Between my sisters and my friends, there’s quite an impressive baby boom going on. Within the last eight months, two of my sisters and my sister-in-law have delivered babies (two boys and a girl), and two of my closest friends are expecting. So naturally, I’ve heard a lot of talk about various experiences with doctors and hospitals. And I have to say, it’s been very interesting — and in some cases, pretty eye-opening.
Last December, my sister Meg gave birth to her son Connor at CentraState Medical Center, a community hospital in Freehold, N.J. that I had toured a few months earlier with CIO Neal Ganguly. I was very happy to see that CentraState lived up to everything it said about making the patient (and family) experience as pleasant as possible. My Dad still raves about the comfortable furniture in her private room and the flat screen TVs.
For my sister Chris, however, the experience wasn’t so rave-worthy. Now, I should preface this by saying that the hospital where she delivered her daughter Riley (see photo below) last Wednesday did take very good care of the baby, which of course is most important. But I wasn’t impressed with the treatment of the mom. During her stay at the hospital, which is part of a healthcare delivery system, my sister was approached numerous times by numerous people — none of whom called her by name — with different bills and statements, often waking her up to give her documents she needed to address. I understand that hospitals need to collect on bills, but surely there is a better way than handing folder after folder to someone just coming out of (a rather lengthy) labor.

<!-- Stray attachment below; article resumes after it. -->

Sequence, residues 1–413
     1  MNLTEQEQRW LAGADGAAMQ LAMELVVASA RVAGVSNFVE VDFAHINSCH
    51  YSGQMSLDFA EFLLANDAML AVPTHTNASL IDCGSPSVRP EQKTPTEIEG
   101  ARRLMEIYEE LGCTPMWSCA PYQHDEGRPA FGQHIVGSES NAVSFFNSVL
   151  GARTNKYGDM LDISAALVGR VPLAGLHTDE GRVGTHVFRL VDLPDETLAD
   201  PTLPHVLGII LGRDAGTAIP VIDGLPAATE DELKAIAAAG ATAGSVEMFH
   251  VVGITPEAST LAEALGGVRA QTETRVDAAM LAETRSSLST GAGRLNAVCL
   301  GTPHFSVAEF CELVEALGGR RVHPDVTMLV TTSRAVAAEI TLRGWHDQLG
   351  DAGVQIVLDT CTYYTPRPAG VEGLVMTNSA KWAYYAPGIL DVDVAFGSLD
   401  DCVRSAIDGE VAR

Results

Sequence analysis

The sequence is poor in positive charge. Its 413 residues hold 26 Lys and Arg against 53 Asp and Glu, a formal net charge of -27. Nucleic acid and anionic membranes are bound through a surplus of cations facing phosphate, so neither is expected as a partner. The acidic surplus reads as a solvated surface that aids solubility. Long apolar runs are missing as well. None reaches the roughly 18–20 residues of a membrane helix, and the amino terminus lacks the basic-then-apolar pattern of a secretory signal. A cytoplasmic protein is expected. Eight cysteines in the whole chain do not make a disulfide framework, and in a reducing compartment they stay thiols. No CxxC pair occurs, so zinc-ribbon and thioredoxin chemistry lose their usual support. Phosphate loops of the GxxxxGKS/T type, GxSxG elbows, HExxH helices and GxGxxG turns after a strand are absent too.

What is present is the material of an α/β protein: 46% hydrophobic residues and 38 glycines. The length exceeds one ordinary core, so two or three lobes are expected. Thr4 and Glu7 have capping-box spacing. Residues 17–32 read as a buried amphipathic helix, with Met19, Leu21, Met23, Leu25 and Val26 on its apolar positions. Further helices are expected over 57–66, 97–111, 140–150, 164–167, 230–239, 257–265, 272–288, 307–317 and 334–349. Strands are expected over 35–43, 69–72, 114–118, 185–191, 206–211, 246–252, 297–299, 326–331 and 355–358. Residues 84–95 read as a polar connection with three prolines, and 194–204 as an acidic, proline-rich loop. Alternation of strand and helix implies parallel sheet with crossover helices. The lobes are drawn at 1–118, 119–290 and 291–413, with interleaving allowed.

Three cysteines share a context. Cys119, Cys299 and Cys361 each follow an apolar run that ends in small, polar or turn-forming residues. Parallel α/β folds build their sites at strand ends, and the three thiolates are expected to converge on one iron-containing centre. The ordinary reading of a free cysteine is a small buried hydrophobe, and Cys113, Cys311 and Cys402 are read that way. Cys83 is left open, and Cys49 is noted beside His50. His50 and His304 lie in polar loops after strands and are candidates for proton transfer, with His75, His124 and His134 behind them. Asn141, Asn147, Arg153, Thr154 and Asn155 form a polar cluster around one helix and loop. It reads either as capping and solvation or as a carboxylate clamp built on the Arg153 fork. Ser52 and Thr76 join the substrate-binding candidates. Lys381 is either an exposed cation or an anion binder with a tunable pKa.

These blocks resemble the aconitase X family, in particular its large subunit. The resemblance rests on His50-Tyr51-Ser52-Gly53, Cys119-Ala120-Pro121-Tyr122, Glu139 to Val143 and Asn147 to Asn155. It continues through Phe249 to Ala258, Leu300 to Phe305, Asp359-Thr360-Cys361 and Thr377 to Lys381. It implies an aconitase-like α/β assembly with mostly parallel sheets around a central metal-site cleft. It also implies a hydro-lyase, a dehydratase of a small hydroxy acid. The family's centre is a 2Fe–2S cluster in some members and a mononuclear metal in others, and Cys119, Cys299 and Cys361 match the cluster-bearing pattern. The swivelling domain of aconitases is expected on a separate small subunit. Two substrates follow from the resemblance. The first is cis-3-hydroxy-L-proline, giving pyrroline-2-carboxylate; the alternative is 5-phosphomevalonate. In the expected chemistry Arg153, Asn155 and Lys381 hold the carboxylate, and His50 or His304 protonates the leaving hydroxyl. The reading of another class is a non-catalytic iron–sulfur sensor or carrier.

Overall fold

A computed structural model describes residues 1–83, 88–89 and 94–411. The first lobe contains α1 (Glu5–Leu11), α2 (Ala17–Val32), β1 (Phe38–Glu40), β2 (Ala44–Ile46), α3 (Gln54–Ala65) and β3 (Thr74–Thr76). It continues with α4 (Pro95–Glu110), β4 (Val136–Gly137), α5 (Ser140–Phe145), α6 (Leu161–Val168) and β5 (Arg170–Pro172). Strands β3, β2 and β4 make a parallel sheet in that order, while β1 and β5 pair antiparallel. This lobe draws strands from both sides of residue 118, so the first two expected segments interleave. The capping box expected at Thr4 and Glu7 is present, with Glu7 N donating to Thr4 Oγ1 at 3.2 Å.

She was also approached by a photographer trying to sell her photos of her baby, and another person peddling the hospital’s custom birth announcements. All of this was happening while my sister was extremely tired and wasn’t exactly up for dealing with solicitors. What she really wanted, she told me, was for one of the random people walking in to offer her a snack.
But probably the worst part was the fact that there was a fee to watch the TV in the room. At one point during my sister’s labor while she was resting and her husband Tom went to turn on the TV, he was told it would cost $4.50 per day. Before Tom could ask the attendant to charge it to their bill, the woman asked him if that would be cash or charge. The TV watching fee, it seems, must be paid up front.
Again, I understand that these are tough times and hospitals have to make money, but there’s got to be a better way. Women who have just been through labor shouldn’t be bombarded by paperwork, they shouldn’t be approached about buying photos, and they shouldn’t have to shell out cash to watch TV.
Of course, the most important thing is for patients to get the best possible treatment, but shouldn’t caring for them be a priority too?